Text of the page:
Making a World of Difference by Bonnie and Bill Neely

In July for the past five years Santa Fe, New Mexico, has sponsored a not-to-miss event: The Santa Fe International Folk Art Market. With travel expenses high this is the perfect way to enable your family to “see the world.” The weekend is filled with many wonderful acitivites, which include concerts and impromptu music from around the world, dancers in colorful native costumes, international foods for unique and delicious tastes, and arts and crafts of superior folk craftsmen and women from over forty countries. We were fortunate to attend last year and are making plans to return this year, July 11 and 12, 2009.
The festival was first conceived at a lunch conversation of serveral women who knew how to organize and make their dream come true. With a host of tireless volunteers the market has grown each year, enlightening and entertaining thousands of visitors and locals each summer. In 2008, over 100 artists from 41 countries were represented at the market where many different native and unique crafts were displayed and sold. Artists submit their work and are chosen by professional jurors to insure that only the finest quality of handwork, craftsmanship, and art are displayed. Artists take home 93 percent of the proceeds, and this helps not only the individual artists but also their families and communities at home. The crafts people come from very low income, struggling parts of the world, many torn by war or governmental unrest. The impact of this money in these poor regions is tremendous, providing schools, books, teachers, livestock, more food, and a better way of life, especially for women and children.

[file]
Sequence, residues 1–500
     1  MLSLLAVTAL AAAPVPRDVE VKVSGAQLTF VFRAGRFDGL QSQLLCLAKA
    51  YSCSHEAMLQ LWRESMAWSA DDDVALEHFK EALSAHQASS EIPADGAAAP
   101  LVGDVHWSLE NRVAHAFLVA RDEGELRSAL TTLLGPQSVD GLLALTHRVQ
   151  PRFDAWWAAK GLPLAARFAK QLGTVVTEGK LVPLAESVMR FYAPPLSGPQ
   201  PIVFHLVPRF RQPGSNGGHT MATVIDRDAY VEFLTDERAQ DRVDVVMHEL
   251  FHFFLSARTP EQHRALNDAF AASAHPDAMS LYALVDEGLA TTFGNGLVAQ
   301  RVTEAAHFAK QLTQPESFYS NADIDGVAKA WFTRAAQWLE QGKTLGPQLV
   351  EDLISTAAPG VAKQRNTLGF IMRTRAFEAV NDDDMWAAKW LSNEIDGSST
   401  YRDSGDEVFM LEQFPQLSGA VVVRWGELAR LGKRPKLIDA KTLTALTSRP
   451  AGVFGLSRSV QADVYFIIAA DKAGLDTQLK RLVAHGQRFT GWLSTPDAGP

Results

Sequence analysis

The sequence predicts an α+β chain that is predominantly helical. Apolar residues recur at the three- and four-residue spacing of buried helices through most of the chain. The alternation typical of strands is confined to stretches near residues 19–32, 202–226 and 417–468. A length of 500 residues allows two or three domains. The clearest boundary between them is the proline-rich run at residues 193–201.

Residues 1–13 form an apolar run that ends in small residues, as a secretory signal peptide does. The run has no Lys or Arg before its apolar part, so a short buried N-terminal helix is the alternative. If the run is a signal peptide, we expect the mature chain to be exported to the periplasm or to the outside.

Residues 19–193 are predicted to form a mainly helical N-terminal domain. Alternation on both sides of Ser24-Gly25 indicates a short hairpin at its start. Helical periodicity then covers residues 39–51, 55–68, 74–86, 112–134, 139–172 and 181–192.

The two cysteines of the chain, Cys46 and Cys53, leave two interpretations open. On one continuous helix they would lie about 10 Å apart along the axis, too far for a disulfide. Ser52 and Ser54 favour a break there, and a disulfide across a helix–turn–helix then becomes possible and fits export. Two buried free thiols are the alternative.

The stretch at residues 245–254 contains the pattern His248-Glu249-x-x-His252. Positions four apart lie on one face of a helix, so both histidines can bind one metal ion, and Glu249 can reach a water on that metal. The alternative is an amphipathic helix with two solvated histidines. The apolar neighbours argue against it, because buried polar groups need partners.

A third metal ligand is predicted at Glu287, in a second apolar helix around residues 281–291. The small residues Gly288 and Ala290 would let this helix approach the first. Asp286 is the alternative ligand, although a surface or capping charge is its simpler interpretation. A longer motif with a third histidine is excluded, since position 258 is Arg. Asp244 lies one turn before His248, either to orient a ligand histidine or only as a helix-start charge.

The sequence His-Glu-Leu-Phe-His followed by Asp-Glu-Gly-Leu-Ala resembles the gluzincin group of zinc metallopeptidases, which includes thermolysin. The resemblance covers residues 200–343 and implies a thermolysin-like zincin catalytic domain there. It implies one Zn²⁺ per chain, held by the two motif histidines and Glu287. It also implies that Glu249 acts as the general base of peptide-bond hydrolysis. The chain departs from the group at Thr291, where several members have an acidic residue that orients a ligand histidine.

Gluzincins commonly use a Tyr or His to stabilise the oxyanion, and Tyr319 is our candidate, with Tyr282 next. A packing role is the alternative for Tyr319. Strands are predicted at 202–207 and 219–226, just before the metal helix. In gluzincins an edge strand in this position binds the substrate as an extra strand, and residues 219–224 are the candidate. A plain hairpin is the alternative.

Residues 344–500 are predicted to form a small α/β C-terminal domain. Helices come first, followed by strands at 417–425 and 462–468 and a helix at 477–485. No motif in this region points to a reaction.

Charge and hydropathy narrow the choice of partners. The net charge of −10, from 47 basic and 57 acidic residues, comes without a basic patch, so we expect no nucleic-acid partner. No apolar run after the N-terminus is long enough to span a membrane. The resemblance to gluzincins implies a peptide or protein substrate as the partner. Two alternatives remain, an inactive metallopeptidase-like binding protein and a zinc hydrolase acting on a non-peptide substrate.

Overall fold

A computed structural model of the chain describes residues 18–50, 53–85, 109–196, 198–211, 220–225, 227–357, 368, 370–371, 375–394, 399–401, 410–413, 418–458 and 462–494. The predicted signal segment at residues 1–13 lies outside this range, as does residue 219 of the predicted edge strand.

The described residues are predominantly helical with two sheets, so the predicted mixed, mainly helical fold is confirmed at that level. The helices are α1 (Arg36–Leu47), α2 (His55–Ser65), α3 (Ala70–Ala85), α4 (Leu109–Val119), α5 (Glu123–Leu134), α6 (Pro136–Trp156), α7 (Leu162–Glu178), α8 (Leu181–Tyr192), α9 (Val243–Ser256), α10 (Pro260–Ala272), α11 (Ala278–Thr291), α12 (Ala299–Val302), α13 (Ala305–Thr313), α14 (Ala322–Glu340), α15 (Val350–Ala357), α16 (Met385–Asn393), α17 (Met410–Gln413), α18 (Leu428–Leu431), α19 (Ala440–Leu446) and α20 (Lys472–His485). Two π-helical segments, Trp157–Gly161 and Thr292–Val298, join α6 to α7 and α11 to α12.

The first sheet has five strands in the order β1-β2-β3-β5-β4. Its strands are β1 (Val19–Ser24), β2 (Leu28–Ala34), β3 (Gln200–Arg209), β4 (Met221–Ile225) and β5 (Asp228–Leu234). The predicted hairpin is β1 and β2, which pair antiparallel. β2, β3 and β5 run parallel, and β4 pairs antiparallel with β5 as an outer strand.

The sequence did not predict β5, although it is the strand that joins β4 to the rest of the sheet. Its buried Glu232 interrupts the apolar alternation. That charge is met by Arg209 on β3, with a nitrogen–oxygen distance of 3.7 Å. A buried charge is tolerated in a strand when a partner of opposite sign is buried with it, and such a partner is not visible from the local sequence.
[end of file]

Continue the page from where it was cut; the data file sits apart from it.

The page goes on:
UNESCO has become a sponsor of the Santa Fe International Art Market, and the market has attained non-profit status, which has enabled more businesses and individuals to become sponsors. UNESCO declared Santa Fe ” one of UNESCO’s Creative Cities and City of Folk Art,” an honor no other city in the United States has been bestowed. UNESCO also sponsors a booth called “The Best of the Best” in which extra fine craftsmanship is recognized and honored. The items chosen for the market represent the local culture and the preservation of local heritage arts and crafts, skills that might die without this inpetus. Artists are encouraged not only to continue ancient crafts of their region, but also to teach other local citizens and children how to carry on the cultural arts. Most of these artists have learned their skills from parents and grandparents for generations, but with the world becoming a global economy these crafts were in danger of being lost because creators could not support themselves. A special and unique feature of the Santa Fe Art Market is that the artists selected are sponsored in their travels here and have several days of learning how to promote and market their creations and form a business that thrives. They are taught Internet skills and each commits to check email at least once a week. Last year the artists were taught about Internet marketing. The time spent in Santa Fe has huge impact with far reaching results throughout the world and for generations to come.
Last year for the first time the Market initiated a special program for children to enter free and had fun activities to encourage them to relate to the artists and learn about their countries. On Sunday, Family Day, the first 500 children received “Passports Books” to collect a flag stamp from each of the countries represented. The artists had interpreters who showed the children where each country was located on a world map and talk to each child about the arts of that country. Children loved this activity and their knowledge of the world cultures was stimulated tremendously through this educational and fun activity.